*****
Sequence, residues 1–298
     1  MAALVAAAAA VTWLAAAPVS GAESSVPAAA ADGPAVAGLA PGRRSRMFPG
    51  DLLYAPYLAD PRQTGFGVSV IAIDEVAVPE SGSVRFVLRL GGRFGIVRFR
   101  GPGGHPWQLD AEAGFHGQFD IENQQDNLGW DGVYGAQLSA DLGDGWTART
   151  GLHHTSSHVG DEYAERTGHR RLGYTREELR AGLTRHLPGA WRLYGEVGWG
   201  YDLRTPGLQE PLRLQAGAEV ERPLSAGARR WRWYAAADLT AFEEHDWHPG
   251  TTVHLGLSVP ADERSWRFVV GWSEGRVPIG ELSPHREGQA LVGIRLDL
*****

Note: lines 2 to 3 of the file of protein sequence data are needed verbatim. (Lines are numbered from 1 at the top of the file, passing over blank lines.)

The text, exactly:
     1  MAALVAAAAA VTWLAAAPVS GAESSVPAAA ADGPAVAGLA PGRRSRMFPG
    51  DLLYAPYLAD PRQTGFGVSV IAIDEVAVPE SGSVRFVLRL GGRFGIVRFR